WASHINGTON — President Donald Trump on Thursday denied that nearly 3,000 died as a result of Hurricane Maria, contradicting the Puerto Rican government's formal death toll, increased after a George Washington University study.
- Trump contradicts Puerto Rican government's official Maria death toll
- President tweets that 3,000 people didn't die in Puerto Rico
- He called the elevated death toll an attempt to make him look bad
- Political leaders disagree with president's tweets
- CRISIS IN PUERTO RICO: Full coverage of the aftermath of Hurricane Maria
"3000 people did not die in the two hurricanes that hit Puerto Rico. When I left the Island, AFTER the storm had hit, they had anywhere from 6 to 18 deaths. As time went by it did not go up by much. Then, a long time later, they started to report really large numbers, like 3000..." Trump said in a tweet Thursday morning.
In a second tweet, Trump said the 2,975 death toll was a plot by Democrats to make him look bad.
The death toll was officially 64 until earlier this month, when Puerto Rico's governor raised it following a study by researchers at George Washington University that accounted for Puerto Ricans who died amid the heat, lack of electricity and other effects. Much of the U.S. territory was without power for weeks after the storm hit in September 2017, and even now, there are small pockets of the island without power.
Lawmakers from both sides of the aisle pushed back Thursday.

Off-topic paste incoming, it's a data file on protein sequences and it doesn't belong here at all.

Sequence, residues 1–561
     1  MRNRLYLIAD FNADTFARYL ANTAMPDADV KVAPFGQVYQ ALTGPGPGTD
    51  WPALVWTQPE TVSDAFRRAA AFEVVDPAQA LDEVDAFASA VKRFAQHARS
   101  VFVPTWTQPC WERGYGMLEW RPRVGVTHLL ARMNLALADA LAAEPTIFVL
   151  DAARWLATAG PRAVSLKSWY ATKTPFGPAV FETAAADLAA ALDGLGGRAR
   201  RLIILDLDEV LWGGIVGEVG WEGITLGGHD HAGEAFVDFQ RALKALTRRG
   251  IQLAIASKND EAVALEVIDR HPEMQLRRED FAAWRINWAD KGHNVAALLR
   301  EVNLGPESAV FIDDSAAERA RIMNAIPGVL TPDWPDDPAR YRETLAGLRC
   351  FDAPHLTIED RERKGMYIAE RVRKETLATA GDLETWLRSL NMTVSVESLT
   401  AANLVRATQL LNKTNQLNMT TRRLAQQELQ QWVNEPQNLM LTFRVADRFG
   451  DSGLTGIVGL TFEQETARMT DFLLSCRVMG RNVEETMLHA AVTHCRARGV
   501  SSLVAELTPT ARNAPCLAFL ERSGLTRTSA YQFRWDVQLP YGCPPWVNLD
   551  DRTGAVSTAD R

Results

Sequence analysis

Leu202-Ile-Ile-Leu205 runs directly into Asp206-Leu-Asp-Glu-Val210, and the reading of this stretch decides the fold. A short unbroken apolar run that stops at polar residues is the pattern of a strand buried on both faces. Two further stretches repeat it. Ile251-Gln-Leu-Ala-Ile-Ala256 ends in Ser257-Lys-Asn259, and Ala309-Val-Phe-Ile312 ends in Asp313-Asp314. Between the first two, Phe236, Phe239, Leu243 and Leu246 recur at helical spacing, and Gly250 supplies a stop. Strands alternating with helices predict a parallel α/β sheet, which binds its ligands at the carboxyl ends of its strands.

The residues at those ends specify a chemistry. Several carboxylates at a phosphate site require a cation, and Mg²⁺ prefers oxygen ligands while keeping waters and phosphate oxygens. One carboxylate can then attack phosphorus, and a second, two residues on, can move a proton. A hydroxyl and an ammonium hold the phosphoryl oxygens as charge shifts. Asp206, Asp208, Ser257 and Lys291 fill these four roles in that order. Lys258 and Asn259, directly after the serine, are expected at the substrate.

Some Republicans, like House Speaker Paul Ryan (R) Wisconsin, also broke with the president's assessment.
“I have no reason to dispute those numbers," Rep. Ryan said. "Those are just the facts of what happens when a horrible hurricane hits an isolated place like an island."
Puerto Rico Gov. Ricardo Rosselló also released an official statement in response to the president's tweet.
"The people of Puerto Rico deserve a full accounting of the impact of the storm, and they deserve recognition of that impact by our president," he wrote.
Florida's political leaders responded by disagreeing with the president.
“For the president to be in denial of this makes absolutely no sense," said Rep. Val Demings, D-Orlando.
“To say Democrats are trying to make him look bad, Mr. President, do you really believe that this has anything to do with you? Maybe it’s about the people that we, including the President, are supposed to be representing," Demings said.
Trump earlier this week said that his administration's handling of Maria was "an incredible, unsung success."
But in July, the Federal Emergency Management Agency issued a report blasting its own response to Maria. The 2017 Hurricane Season FEMA After-Action Report says officials took days to get supplies to the island and then struggled with distribution and tracking of supplies.
“The disaster in Puerto Rico was one of the worst in history, over 3,000 people died, more than double the longest blackout in the history of the United States, since we’ve had electricity," said Rep. Darren Soto, D-Kissimmee. "It's an underfunded, slow to react response from the Trump administration, that now we know for a fact has cost us lives," he said.
George Washington University released a statement on Thursday and stood by their study that determined the storm killed far more people on the island than originally suggested.
Information from the Associated Press and CNN was used in this report.